How To Integrate Miss Molly In Your Kids Yoga Class
As a classroom teacher and children’s yoga teacher I know how valuable and engaging a teaching tool can be. I quickly fell in love with Miss Molly Myga and her accompanying card deck when I had the privilege of sharing her with the young Yogis at Om Yoga Show London. As well as children, a number of fellow children’s yoga teachers came to my class to see how I used Molly and I thought it would be helpful to share some of my ideas in case they help you to share yoga with the children in your life. I’d love to hear any of your ideas as well so please do leave a comment or send me an email/dm with any of your ideas. I’m on a mission to enable every child to have access to the benefits of yoga and Molly is a fantastic tool for introducing yoga both in specialised children’s yoga classes but also at home.
Molly is a great tool to demonstrate the poses with. Children’s yoga teachers know that many children struggle to compute verbal cues into their body movements. With Molly, the children can put her into the pose or direct you to. By noticing that Molly needs to lift up her leg or turn out her toes, the children are able to bring focus to those movements in their own bodies. Children enjoy being given one of Molly’s pose cards (perhaps they can find a card hidden under their mat or hunt around the studio for cards) and then they can put Molly into the pose and then bring themselves into the same position. The older children I teach, enjoy designing their own flows and incorporating Molly into their flow adds extra challenge - can they balance her on their back in Warrior 3 or on their feet while they rest in feet up the wall pose?
Something which sets Molly apart is her beautiful accompanying card deck. Great for children to play with and learn from, but also a super tool for planning your lessons. When planning my class at Om Show I throughly enjoyed reading Molly’s cards and incorporating her favourite games into my class. I also love how educational the cards are, teaching about the chakras, the roots of yogic words such as Namaste and giving lots of ideas for being mindful. Unfortunately, children’s yoga sometimes moves far away from yoga philosophy and roots and it’s something I try to rectify in my classes. While we want yoga to be fun, children are usually fascinated by yoga transitions and the cards make this kind of learning fun, bite sized and accessible.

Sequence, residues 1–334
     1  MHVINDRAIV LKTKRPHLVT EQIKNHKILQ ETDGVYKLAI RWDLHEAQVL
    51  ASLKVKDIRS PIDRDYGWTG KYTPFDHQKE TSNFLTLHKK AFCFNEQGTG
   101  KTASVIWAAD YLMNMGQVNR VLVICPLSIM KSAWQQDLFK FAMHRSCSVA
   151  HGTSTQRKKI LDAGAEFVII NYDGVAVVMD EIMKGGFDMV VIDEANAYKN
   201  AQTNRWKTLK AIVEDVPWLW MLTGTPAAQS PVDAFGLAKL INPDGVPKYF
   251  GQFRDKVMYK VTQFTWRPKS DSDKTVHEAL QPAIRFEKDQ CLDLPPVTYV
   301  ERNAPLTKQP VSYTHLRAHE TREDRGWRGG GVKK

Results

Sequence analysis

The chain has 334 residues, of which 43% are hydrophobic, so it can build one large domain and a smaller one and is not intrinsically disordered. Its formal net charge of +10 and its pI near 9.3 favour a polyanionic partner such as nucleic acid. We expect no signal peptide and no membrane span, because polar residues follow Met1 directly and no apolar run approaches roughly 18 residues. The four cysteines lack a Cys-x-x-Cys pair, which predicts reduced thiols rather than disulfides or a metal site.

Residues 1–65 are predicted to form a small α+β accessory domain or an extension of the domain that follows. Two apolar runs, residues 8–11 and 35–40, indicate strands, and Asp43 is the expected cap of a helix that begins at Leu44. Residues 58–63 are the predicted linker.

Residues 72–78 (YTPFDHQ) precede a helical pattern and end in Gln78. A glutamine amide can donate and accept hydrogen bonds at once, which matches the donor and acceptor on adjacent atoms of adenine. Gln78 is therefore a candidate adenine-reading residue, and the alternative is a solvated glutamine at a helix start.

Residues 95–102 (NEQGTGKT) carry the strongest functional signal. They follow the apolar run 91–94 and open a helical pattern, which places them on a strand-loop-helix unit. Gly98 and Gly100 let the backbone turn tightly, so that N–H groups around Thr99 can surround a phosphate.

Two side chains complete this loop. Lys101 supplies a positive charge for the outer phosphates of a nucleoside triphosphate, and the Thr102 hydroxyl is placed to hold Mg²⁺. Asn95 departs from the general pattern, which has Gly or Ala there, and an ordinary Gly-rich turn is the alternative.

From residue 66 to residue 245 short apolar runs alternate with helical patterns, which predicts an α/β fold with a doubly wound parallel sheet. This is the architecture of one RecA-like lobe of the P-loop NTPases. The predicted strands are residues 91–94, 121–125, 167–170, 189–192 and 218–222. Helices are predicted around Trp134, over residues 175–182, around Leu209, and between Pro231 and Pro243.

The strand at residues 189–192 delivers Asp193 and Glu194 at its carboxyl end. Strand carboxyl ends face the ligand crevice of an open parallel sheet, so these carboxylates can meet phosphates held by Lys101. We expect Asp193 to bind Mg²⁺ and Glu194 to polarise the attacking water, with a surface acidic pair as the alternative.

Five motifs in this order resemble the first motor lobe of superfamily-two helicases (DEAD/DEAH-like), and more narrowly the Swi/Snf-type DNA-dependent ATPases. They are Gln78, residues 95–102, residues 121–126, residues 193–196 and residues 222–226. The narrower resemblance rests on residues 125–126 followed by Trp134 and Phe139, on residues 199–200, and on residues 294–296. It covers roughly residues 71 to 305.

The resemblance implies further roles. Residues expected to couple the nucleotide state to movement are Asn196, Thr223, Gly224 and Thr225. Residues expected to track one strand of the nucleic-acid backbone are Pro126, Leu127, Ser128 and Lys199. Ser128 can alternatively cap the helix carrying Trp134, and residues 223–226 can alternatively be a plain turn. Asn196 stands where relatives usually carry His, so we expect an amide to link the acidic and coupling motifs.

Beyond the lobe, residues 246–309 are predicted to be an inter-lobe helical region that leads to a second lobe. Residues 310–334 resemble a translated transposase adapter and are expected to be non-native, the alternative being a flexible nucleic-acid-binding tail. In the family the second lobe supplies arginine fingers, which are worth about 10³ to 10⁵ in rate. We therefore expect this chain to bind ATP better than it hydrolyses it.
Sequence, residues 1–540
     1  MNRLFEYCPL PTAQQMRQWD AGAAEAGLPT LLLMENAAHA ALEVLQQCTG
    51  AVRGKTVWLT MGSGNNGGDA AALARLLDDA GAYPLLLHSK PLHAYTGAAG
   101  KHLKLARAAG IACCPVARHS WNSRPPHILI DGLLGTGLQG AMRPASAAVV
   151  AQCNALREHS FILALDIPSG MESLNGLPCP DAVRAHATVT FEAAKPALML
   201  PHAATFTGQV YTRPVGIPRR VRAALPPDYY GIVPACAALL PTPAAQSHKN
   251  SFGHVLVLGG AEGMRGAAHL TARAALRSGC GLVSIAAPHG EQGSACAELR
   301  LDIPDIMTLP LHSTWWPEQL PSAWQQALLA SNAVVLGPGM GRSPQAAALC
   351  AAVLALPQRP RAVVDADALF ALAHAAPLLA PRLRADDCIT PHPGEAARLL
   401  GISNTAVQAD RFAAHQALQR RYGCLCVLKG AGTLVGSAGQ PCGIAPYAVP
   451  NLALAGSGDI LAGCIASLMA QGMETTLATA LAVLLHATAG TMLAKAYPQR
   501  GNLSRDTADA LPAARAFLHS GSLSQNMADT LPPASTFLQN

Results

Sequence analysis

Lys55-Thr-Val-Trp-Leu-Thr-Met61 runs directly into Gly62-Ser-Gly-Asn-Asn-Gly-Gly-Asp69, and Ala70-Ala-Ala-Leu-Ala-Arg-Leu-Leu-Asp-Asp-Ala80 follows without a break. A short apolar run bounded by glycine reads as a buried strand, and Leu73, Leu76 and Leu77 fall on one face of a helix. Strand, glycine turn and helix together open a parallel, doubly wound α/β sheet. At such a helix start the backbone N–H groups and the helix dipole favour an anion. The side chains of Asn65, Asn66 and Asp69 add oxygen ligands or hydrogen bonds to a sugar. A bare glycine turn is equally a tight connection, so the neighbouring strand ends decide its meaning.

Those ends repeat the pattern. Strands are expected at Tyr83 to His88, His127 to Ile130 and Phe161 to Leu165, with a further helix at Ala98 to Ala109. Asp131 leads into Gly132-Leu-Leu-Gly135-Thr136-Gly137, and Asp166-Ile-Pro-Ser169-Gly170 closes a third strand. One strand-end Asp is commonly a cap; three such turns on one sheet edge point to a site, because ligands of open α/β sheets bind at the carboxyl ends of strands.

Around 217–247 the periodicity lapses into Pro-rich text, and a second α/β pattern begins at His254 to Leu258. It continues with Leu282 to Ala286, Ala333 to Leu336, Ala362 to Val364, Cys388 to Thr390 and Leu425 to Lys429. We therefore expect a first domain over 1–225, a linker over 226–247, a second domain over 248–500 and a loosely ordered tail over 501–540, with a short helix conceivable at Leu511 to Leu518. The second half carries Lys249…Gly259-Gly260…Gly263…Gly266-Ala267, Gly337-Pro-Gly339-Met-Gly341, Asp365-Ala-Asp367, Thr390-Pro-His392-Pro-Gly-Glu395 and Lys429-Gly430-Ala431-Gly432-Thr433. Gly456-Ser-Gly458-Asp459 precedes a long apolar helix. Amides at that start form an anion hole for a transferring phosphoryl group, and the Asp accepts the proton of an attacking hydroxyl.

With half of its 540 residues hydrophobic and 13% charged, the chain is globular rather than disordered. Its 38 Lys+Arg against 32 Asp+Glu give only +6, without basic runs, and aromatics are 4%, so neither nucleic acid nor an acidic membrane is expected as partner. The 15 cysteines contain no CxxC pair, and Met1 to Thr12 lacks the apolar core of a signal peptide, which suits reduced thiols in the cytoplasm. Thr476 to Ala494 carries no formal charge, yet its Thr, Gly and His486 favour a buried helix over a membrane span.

Have you ever had a class which has got out of control, you’re struggling to bring the children back to the mat after a game or everyone is busy chatting rather than engaging? I think we have all had one at some point! I love using Molly as an extra behaviour management tool in class. We can all do a “shhhh” breath or listen carefully to hear what Molly has to say. Molly can be passed around the group and the child holding her can speak or each child can write a secret message or worry to give to Molly. Molly can also be watching all class to find her “yoga star” of the week. Molly is very engaging and I found the children loved giving her a cuddle. She is great for encouraging shy children to settle onto the mat at the start of class and also useful for calming more excitable members of your class. I had the privilege of teaching classes with enough Mollies for each child but you only need one to engage your class.
Molly comes with some breathing techniques, my favourite of which, is the Molly breath. Laying with Molly on their tummies children take a deep belly breath and watch or feel Molly rise and fall with their breath. I love anything that makes the breath visual. This is a lovely breath to enjoy right before children go to bed to help them sleep, and they could even snuggle up with Molly afterwards.
I hope some of these ideas help you incorporate Molly into your yoga classes or family time, I’d love to know how you get on. You can find more inspiration for your yoga classes on my website and on my social media.
Victoria Tso is a specialist children’s yoga teacher, experienced classroom teacher and the founder of Inner Child Yoga School. She is on a mission to make children’s yoga accessible to all children and has designed online yoga programs to help children build their attention spans through yoga and journaling and has created resources to help teachers share yoga in their schools.
Find out more on her website www.innerchildyogaschool.com or follow her on social media @inner_child_yoga_school
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